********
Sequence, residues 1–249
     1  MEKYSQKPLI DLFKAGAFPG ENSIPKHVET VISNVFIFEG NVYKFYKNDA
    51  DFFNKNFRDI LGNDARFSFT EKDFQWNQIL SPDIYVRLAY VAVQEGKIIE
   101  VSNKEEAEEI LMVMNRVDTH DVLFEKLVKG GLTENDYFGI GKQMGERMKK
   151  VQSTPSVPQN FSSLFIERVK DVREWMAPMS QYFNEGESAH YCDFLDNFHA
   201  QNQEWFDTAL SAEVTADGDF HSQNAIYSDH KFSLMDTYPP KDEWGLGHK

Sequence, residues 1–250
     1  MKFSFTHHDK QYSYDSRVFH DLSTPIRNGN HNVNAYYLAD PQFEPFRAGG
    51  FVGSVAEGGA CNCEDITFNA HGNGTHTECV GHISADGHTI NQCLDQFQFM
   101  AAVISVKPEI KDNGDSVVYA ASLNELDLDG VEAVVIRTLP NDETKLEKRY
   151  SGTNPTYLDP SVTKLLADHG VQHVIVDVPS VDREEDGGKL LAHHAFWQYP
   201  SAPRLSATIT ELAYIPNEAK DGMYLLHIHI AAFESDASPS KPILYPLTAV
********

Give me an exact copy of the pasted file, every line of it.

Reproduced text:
Sequence, residues 1–249
     1  MEKYSQKPLI DLFKAGAFPG ENSIPKHVET VISNVFIFEG NVYKFYKNDA
    51  DFFNKNFRDI LGNDARFSFT EKDFQWNQIL SPDIYVRLAY VAVQEGKIIE
   101  VSNKEEAEEI LMVMNRVDTH DVLFEKLVKG GLTENDYFGI GKQMGERMKK
   151  VQSTPSVPQN FSSLFIERVK DVREWMAPMS QYFNEGESAH YCDFLDNFHA
   201  QNQEWFDTAL SAEVTADGDF HSQNAIYSDH KFSLMDTYPP KDEWGLGHK

Sequence, residues 1–250
     1  MKFSFTHHDK QYSYDSRVFH DLSTPIRNGN HNVNAYYLAD PQFEPFRAGG
    51  FVGSVAEGGA CNCEDITFNA HGNGTHTECV GHISADGHTI NQCLDQFQFM
   101  AAVISVKPEI KDNGDSVVYA ASLNELDLDG VEAVVIRTLP NDETKLEKRY
   151  SGTNPTYLDP SVTKLLADHG VQHVIVDVPS VDREEDGGKL LAHHAFWQYP
   201  SAPRLSATIT ELAYIPNEAK DGMYLLHIHI AAFESDASPS KPILYPLTAV